It’s that time of year again! Janet Warburton and Kristin Timm of the Arctic Research Consortium of the U.S. (ARCUS) are preparing K-12 educators from across the United States for upcoming field experiences in the Arctic and Antarctic. Twelve teachers who spent a week in Fairbanks, Alaska, in April for the PolarTREC Orientation and ShareFair, an intensive week-long introduction to the professional development experience.
PolarTREC (Teachers and Researchers Exploring and Collaborating), now in its fourth year (and with a recent NSF funding renewal through December of 2013), is a professional development program for K-12 educators focused on improving science, technology, engineering, and mathematics (STEM) education.
Through teacher-researcher collaborations and hands-on field experiences, teachers become an essential bridge between cutting-edge polar science and the public. By working closely with selected PolarTREC research teams through application review and teacher interviews, researchers and teachers are matched across a wide range of scientific disciplines to ensure that teachers’ interests are aligned with science project goals. After much training and preparation, teachers spend 2-6 weeks in the field with their research team. During their time out, teachers share their experiences through webinars, multimedia journals, and bulletin boards on PolarTREC’s interactive Web site.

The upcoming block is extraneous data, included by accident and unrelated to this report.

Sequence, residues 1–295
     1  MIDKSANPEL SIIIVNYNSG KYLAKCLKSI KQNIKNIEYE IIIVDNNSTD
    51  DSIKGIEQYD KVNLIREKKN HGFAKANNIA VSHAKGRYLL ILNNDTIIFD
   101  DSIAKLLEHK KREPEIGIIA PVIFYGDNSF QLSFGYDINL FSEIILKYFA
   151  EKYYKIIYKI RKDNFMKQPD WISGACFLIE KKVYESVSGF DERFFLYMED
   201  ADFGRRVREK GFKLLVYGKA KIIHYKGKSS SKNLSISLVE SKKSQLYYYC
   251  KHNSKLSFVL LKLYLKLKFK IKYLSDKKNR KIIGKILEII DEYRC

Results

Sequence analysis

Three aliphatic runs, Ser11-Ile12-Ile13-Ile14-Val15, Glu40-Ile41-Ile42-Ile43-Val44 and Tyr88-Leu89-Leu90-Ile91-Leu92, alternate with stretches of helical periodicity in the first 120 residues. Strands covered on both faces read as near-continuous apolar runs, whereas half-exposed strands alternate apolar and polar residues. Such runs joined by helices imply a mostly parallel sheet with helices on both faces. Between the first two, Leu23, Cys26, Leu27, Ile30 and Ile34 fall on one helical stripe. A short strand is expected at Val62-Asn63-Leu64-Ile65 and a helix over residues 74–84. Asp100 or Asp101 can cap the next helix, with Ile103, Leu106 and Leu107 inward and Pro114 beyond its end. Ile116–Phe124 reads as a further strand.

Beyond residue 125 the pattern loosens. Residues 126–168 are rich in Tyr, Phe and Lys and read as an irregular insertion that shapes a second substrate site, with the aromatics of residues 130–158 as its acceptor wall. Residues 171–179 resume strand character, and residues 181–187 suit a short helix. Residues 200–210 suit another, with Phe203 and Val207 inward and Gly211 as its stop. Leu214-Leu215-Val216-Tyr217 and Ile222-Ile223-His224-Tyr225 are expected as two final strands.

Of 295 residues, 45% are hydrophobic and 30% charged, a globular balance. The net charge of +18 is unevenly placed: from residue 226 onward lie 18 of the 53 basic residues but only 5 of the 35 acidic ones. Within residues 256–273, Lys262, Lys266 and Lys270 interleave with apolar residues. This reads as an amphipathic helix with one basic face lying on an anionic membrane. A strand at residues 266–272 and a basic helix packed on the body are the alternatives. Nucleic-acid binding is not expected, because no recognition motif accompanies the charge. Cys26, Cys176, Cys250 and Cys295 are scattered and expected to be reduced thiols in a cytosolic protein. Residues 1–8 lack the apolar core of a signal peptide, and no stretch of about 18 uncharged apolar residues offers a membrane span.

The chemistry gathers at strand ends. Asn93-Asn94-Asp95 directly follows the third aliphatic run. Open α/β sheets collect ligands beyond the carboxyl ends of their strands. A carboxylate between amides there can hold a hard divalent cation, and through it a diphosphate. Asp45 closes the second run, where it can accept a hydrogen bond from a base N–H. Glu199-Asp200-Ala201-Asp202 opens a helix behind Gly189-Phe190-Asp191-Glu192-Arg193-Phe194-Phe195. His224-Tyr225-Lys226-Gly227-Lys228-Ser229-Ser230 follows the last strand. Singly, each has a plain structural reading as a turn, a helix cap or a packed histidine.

PolarTREC’s mission includes increasing teachers’ knowledge of polar science along with their ability to teach pertinent science concepts. The program allows teachers to improve their instruction by participating in a new and exciting research experience, exposing them to new ideas and incorporating technology both in and out of the field. Teachers also develop new curricula, which is disseminated through the PolarTREC site. PolarTREC wants their teachers to inspire students to become more aware of the Polar Regions and explore opportunities to further their education and explore occupations in STEM areas.
During the PolarTREC orientation teachers learned background science content, how to communicate successfully from the field, and how to develop polar science education and outreach plans and ideas. Hands-on breakout sessions include digital photography, journaling methods, using educational technologies, and bringing science into the classroom. PolarTREC teacher and research alumni as well as representatives from CH2M HILL Polar Services (CPS) were also on hand in-person and virtually to share experiences and address teacher questions and expectations.
We’ll be checking in on PolarTREC teachers during their field experiences – stay tuned!